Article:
Jurgen Klopp revealed the setback in a news conference on Friday, explaining on-loan centre-back Kabak complained of an issue after Friday's (AEDT) 1-0 home defeat to Chelsea.
The defending Premier League champion has endured a nightmare run of injuries to its defence, undermining efforts to be competitive this season.
After losing Virgil van Dijk, Joe Gomez and Joel Matip to long-term injuries, even stand-ins such as midfielders Fabinho and Jordan Henderson have been hit by knocks.
Now Kabak joins an extensive list, meaning Liverpool could turn to Nat Phillips or Ben Davies for the visit of relegation-threatened Fulham.
"Ozan had yesterday after the game a little problem," Klopp said. "[He has] played now a lot of games and we will see if he's ready for Fulham. It doesn't look like it at the moment, so we will have to find solutions."
Liverpool has lost five successive home matches in the Premier League, a bewildering statistic given it previously went 68 games unbeaten at Anfield. It has also failed to score from any of its past 99 non-penalty shots at Anfield in the league, taking spot-kicks and own goals out of the equation.
The Reds face Fulham at Anfield on Monday (AEDT), having lost only once to the Cottagers in 23 previous top-flight home games, a 1-0 defeat in May 2012 under Kenny Dalglish, a fortnight before the Scot was sacked.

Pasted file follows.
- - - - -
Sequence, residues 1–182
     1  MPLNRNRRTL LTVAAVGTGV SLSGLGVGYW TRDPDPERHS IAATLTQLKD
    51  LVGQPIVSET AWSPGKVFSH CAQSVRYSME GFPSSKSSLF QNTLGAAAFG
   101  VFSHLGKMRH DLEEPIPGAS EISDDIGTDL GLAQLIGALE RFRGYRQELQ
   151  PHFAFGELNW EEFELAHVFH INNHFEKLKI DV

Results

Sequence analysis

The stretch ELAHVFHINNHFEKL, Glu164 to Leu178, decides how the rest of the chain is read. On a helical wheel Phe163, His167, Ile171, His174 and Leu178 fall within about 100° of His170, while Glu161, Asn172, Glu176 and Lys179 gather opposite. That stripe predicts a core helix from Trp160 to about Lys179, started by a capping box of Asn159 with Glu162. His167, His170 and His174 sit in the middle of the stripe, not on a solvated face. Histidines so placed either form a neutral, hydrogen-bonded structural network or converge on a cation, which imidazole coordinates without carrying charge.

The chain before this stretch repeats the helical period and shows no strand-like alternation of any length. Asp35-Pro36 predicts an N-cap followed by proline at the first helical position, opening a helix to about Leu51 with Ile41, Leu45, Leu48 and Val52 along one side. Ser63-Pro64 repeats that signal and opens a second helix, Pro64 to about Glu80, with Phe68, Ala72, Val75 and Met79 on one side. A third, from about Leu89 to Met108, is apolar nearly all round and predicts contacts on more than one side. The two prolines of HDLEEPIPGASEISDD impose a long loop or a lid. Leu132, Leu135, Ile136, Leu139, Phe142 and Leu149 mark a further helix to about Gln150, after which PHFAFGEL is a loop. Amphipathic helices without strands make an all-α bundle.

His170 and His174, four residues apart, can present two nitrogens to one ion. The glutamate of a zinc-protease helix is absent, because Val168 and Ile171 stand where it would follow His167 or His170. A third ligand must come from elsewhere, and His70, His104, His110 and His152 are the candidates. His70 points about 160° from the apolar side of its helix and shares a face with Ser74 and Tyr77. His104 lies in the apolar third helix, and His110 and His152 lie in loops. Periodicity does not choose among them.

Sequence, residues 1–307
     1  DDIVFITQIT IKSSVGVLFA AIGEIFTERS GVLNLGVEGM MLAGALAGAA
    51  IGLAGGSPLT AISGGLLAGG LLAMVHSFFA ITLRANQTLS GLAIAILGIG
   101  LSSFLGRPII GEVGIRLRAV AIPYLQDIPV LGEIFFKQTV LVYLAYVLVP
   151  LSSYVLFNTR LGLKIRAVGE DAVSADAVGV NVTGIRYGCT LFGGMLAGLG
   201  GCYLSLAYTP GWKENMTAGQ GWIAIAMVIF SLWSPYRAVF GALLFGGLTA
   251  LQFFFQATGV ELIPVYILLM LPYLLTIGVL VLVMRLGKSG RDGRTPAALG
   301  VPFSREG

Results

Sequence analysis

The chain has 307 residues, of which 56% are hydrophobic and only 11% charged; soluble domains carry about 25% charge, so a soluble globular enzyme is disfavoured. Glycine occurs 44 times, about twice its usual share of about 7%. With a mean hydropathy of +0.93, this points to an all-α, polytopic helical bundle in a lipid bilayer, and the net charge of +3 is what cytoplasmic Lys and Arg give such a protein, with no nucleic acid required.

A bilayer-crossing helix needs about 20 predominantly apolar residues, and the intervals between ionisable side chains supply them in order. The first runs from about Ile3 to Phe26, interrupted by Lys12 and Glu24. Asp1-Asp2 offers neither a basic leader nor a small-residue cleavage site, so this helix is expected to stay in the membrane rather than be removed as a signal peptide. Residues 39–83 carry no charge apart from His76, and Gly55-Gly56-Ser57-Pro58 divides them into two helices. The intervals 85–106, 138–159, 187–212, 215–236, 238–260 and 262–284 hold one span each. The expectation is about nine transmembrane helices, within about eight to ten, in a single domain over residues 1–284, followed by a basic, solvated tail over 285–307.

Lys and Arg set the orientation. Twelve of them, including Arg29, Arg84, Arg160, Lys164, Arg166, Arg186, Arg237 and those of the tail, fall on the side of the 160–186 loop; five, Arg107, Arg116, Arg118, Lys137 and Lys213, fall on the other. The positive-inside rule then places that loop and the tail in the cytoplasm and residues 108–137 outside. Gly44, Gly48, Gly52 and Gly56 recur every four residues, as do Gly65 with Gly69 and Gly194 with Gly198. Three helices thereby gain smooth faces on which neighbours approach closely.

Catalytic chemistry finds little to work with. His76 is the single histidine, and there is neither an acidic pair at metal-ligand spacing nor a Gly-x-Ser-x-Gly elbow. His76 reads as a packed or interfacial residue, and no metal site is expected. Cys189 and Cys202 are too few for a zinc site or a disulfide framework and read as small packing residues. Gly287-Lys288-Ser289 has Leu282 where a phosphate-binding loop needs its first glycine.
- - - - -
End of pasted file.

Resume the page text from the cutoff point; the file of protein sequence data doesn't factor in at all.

It seems inconceivable that Klopp would go the same way should his team lose to Scott Parker's improving side, which is unbeaten in its past seven matches on the road in the Premier League, but Liverpool's season is unravelling at a dramatic rate.
Liverpool has kept a clean sheet in 11 of their 14 Premier League home games against Fulham, shipping just one goal in each of the other three meetings, yet such has been his team's form that Klopp pointed out Mondays's (AEDT) visitors have gathered more points of late than his Reds.
Although Fulham has won just two of its 26 away league games against reigning top-flight champions (D3 L21), beating Ipswich Town 1-0 in March 1963 and Manchester United 3-1 in October 2003, rarely will it have fancied such an occasion quite like it may see Liverpool as ripe for picking off.
Asked whether he felt a dip from his team had been inevitable, Klopp said: "I don't think so. I think the most difficult league to stay on top of everything is England.
"It could happen, there's one team who maybe has everything for it: the team, the players, the manager, the money – it's Man City.
"The rest have to fight with all you have to get close and when you're close enough you can maybe make it like we showed last year.
"But there's a big difference between the situation we are in now and the situation that could have happened, coming second or third or whatever in a year where it's not perfect for you.
"Our situation is different. We all agree it's a really strange one, injury-wise, and football is more of a rhythm game than people might think.
"When you can rely on things and when you can build on things, then you can reach your personal best as a team. We never had that situation this year.
"That shows why it will be difficult for us. Of course, the job you have to do is fight with all you have to get results. Maybe not with your absolute best football, but results anyway. That's the point where we didn't do well enough, because we didn't get results.
"We lost even games where we were good. We are very self-critical, we take and face all the criticism. We cannot change the past, the only thing we can try to change is the near future."